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That ‘70s Show is one of the most famous 1990s TV shows and it made millions laugh — but it makes Topher Grace feel guilty. In an interview, Grace discussed why his feeling about the sitcom are more complicated than you might expect. In addition, he revealed how the show impacted his future choice of roles. 

Topher Grace wearing a hat
Topher Grace | J. Vespa/WireImage

Topher Grace’s mixed feelings about the success of ‘That ’70s Show’

Some films and television shows spark multiple careers. For example, The Rocky Horror Picture Show helped launch Tim Curry, Susan Sarandon, and Meat Loaf into the stratosphere. Numerous people became superstars through Saturday Night Live. In addition, That ‘70s Show was the beginning of notable careers for Grace, Mila Kunis, and Ashton Kutcher. In an interview with Vice, Grace said his feelings about the show’s success aren’t entirely positive.

“I was honestly lucky to not only get on That ‘70s Show with all those talented people, but also land on a show that did so well for all of us,’ Grace said. “We got to choose what we wanted to do from there. You must know that actors don’t often get to do that or have kind of privilege. I’ve always felt guilty about that. I was a guy who hadn’t worked before and so many other actors have dedicated years to get to where I managed to end up.”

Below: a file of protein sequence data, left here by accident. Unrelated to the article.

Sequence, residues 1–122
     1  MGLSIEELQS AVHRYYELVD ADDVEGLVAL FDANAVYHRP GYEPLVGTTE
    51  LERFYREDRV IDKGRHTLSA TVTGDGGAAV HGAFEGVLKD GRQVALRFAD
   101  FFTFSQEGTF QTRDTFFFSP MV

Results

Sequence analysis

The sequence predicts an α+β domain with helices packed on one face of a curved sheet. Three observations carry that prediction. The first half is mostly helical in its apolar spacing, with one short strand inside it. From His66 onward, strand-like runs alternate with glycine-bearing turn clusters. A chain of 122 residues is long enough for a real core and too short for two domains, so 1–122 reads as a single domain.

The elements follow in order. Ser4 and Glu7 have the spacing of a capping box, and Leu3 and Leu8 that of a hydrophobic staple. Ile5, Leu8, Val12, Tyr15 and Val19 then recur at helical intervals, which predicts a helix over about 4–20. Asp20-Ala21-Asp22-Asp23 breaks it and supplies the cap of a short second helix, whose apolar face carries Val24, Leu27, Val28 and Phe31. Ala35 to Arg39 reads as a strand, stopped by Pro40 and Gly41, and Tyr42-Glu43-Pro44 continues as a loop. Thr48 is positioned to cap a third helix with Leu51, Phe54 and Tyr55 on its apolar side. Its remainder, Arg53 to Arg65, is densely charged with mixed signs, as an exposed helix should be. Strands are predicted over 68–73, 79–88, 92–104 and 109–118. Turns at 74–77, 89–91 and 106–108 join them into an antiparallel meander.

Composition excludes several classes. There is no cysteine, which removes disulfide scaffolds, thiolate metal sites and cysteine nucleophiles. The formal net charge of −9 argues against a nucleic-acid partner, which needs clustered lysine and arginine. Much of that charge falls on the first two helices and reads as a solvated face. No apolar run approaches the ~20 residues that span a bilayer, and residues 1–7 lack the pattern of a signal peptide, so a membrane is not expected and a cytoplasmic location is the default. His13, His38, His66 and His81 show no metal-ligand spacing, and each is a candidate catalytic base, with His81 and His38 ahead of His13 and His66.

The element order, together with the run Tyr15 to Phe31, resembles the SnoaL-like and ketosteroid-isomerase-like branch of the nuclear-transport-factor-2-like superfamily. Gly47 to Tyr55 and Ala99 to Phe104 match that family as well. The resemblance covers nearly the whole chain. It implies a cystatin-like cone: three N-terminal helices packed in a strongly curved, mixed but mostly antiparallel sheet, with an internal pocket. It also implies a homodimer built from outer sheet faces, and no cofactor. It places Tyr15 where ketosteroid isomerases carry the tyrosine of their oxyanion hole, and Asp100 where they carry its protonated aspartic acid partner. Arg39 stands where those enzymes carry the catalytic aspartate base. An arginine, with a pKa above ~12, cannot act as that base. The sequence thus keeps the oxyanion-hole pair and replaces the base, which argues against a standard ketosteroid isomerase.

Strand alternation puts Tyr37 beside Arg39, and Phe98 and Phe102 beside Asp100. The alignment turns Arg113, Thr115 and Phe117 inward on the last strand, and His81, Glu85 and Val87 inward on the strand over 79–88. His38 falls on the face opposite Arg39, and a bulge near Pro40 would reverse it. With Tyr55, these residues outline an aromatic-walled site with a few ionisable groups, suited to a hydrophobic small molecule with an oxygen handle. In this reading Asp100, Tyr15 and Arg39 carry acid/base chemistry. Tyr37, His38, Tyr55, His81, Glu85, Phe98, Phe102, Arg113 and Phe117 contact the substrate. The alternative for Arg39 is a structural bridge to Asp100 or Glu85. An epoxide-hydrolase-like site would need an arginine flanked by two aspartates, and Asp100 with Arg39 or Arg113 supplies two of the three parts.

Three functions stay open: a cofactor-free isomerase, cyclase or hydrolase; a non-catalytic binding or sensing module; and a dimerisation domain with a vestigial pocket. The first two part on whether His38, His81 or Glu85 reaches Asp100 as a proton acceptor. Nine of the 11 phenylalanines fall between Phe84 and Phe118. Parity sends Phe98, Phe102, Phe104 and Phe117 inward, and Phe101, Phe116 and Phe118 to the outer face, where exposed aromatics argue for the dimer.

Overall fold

Topher Grace with a microphone
Topher Grace | Laura Cavanaugh/FilmMagic

Grace said his experience playing Eric Foreman on the show impacted which roles he chose to play afterward. “I guess I feel like it’s a duty based on the good fortune of the show, to not just cash in on the same role over and over again. I need to try something different every time. The byproduct of that is the excitement. It’s like, here we go all over again.”

Has playing parts different from Eric Foreman worked for Topher Grace?

That ‘70s Show is a broad sitcom with a focus on nostalgia. Although Grace didn’t want to repeat himself, it’s not as if he never played a similar role. Grace starred in Take Me Home Tonight, a film with sitcom-style humor that focuses on nostalgia — albeit 1980s nostalgia rather than 1970s nostalgia. It’s even named after one of Eddie Money’s 1980s rock hits. So did starring in a film that’s not too far off from That ‘70s Show work well for Grace?

A trailer Take Me Home Tonight

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According to Box Office Mojo, Take Me Home Tonight earned $6 million. That’s a paltry take for a Hollywood film. Apparently, audiences weren’t too interested in seeing Grace in a sitcom-esque movie. However, Grace would find cinematic success elsewhere. For example, he had a role in Spike Lee’s drama BlacKkKlansman — a film which is very different from That ‘70s Show. Box Office Mojo reports BlacKkKlansman earned over $93 million. Grace likes to take roles which are different from his part in That ‘70s Show — and the public has rewarded him for it.